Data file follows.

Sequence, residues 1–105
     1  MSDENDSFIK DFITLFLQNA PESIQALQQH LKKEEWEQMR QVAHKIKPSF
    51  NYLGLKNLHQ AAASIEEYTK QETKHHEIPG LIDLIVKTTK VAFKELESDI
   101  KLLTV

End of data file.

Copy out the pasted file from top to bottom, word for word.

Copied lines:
Sequence, residues 1–105
     1  MSDENDSFIK DFITLFLQNA PESIQALQQH LKKEEWEQMR QVAHKIKPSF
    51  NYLGLKNLHQ AAASIEEYTK QETKHHEIPG LIDLIVKTTK VAFKELESDI
   101  KLLTV